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The Watercooler

The Watercooler

Sorry this event has been and gone

When:

  • Fri 22 Nov ’13, 9:00pm – 10:00pm

Where:

The Basement, Lower Greys Avenue, Auckland CBD

Restrictions:

All Ages

Ticket Information:

  • KOHA: $0.00

Website:

Facebook Page

The Watercooler is a platform for people from all walks to tell their stories, both true and imagined, in front of a live audience. The storytellers are given a simple brief to share a story, whether based on real-life experiences or entirely fictional.

Inspired by many well-known storytelling events and podcasts held worldwide, such as The Moth or This American Life, organiser Sarah Finnigan-Walsh wanted to bring this event to Auckland to give writers and anecdotists from all backgrounds the chance to share their tales.

The stage of The Basement Theatre studio will be a platform for the speakers to demonstrate their skills in the craft of storytelling, and exhibit how a simple story can be a fantastic form of entertainment.

Our speakers for this first event include:

Joe Nunweek practices law by day and jams in the co-editorship of The Pantograph Punch, an Auckland arts and culture website, in between. Apart from a bit of freelance (1972, Sky Sport) or no-lance writing (Real Groove, Volume - RIP), he basically faffs at things. Guitar, photography - you know the person you think does these cool things 'seriously' because they're 'that kind of person'? He doesn't, he can't. Let's all hold onto the illusion though. His happy place is Palm Springs Parakai in all of its faded seventies deliquescence, and if there was no-one to watch and judge he would literally spend his days trainspotting.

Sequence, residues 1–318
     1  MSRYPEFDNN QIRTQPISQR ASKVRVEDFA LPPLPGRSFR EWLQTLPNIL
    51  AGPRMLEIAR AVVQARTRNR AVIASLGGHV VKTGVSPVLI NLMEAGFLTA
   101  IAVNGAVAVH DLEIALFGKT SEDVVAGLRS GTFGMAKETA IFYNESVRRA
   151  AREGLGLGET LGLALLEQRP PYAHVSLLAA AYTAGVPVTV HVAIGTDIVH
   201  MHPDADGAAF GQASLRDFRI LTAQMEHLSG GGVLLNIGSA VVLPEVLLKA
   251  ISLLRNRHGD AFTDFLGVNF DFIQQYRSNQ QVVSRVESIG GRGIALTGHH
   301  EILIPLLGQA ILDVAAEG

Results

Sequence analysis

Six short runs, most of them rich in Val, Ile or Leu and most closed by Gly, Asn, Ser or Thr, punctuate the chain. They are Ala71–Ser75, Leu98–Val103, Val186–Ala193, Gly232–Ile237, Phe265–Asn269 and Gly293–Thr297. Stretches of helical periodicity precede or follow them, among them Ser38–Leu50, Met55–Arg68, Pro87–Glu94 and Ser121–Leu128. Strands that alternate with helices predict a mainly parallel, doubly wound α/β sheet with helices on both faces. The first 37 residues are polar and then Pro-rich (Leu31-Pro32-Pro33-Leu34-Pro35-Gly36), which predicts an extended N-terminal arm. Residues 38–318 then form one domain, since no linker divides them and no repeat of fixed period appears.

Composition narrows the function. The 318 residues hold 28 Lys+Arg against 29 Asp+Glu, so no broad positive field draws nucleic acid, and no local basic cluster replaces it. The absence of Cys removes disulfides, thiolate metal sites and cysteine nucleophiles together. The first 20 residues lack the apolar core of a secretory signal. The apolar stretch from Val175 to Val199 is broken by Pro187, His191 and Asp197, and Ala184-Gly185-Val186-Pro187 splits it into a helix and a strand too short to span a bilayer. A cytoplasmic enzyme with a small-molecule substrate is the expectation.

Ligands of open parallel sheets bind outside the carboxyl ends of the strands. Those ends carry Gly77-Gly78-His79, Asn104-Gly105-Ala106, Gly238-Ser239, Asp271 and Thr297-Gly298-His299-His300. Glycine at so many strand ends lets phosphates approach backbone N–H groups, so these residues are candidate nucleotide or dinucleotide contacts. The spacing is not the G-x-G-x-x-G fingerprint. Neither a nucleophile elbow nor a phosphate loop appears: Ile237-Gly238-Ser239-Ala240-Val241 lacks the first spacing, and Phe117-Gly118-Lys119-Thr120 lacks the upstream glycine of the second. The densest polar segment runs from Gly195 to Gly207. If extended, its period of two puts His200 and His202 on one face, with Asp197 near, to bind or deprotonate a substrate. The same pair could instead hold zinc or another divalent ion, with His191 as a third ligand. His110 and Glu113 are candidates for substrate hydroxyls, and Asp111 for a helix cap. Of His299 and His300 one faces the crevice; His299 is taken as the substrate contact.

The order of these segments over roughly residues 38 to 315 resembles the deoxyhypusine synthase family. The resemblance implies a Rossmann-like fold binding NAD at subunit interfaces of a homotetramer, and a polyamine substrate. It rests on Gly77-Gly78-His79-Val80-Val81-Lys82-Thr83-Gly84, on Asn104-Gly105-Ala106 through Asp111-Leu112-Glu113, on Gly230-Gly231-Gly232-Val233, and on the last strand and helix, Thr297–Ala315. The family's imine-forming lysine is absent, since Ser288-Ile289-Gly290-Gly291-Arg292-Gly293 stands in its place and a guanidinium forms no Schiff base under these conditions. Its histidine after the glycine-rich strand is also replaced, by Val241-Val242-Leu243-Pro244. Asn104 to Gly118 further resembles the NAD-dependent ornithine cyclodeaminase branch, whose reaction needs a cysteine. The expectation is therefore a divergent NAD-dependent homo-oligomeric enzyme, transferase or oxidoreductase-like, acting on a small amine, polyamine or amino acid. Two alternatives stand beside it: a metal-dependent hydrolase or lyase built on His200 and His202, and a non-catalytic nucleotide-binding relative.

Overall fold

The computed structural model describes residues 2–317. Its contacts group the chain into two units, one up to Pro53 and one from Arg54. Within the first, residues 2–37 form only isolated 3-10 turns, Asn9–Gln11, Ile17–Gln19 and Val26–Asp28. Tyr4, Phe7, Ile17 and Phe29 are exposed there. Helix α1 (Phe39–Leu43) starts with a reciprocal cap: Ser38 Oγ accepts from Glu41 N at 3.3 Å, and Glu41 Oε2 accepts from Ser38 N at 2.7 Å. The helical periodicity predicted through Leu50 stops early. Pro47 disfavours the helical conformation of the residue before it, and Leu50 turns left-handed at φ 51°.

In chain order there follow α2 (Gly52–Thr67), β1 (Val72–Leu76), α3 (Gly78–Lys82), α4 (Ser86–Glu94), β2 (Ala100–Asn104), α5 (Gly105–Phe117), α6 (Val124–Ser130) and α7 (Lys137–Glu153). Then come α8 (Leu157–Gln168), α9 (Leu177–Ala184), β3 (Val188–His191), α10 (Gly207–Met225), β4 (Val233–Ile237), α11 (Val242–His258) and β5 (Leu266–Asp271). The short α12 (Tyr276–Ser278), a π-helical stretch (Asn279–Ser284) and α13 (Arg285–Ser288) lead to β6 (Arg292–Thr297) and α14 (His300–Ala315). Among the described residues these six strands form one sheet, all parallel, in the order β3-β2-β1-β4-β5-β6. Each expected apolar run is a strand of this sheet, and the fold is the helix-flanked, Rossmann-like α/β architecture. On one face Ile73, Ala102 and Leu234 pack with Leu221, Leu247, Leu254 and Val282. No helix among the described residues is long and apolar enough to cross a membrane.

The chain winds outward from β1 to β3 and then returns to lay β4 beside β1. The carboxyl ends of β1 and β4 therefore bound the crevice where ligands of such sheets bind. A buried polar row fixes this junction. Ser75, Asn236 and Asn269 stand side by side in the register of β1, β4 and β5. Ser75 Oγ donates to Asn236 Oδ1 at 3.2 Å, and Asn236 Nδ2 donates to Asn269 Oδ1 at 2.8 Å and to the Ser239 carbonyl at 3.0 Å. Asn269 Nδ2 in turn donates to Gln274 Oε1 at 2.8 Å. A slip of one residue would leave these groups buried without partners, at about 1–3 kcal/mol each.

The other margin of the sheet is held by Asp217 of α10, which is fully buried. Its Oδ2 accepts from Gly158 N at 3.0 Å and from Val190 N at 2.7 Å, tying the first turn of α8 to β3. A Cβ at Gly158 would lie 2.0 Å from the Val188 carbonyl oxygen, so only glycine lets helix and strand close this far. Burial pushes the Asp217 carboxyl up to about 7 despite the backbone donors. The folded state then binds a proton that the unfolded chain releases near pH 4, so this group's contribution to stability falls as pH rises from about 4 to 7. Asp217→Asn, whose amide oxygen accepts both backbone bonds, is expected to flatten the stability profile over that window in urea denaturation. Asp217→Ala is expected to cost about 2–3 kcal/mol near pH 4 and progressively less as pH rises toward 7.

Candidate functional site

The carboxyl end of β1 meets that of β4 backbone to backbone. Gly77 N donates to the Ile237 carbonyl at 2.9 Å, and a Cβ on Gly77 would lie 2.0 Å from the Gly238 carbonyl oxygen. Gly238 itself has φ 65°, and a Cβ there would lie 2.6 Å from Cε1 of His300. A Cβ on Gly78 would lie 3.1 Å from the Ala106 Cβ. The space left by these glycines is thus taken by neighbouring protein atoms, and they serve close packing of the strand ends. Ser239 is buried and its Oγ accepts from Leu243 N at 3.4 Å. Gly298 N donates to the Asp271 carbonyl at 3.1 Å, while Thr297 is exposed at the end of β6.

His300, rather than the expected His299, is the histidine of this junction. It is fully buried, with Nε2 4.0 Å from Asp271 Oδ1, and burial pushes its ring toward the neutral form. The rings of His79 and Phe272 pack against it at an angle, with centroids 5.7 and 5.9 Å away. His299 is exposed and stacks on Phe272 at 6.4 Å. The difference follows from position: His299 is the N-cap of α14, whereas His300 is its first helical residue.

Romain Mereau is a directing graduate from Unitec's School of Performing & Screen Arts. He tragically became addicted to movies from a young age, and has been utterly obsessed ever since. He works in digital marketing, and makes short films in his spare time.

Kirsten Taylor is a writer, musician and novice sourdough baker. She has lived in Edinburgh, Salzburg and Melbourne and is now studying occupational therapy at AUT.

Diane White studied Law and Arts in Wellington. She moved up to Auckland about 18 months ago for a job that means she now spends her days sorting out tenant-landlord disputes and thinking about fences. It wasn't what she saw herself doing, but she's pretty happy all the same. Outside of work, Di does bits and pieces for the criminal justice reform organisation JustSpeak, pats strangers' dogs at the supermarket, and fills in any spare moments with writing, blogging and shooting hoops.

Finnius Teppet moved here from Wellington a couple of years ago, and he doesn't miss the old city or his family at all. He writes plays and stories on a range of themes including: the lasting influence of mothers on their children, what happens when your girlfriend resembles your mother, breastfeeding and psychoanalysis. Earlier in the year a play of his was produced by some Australians in their own country, and they won the Short + Sweet festival with it.

Oliver Quincy Page is a screenwriter, performance poet, conceptual artist and fan of architecture. His work has appeared in many magazines. Home & Garden was one he thinks. Oliver is currently writing a political thriller set against the backdrop of a gubernatorial primary race in Washington State, and a feature film about male friendships. Oliver enjoys brevity, wit, good taste and attending religious services unironically as is the custom of his people.

Entry is KOHA to help keep this going for a while.

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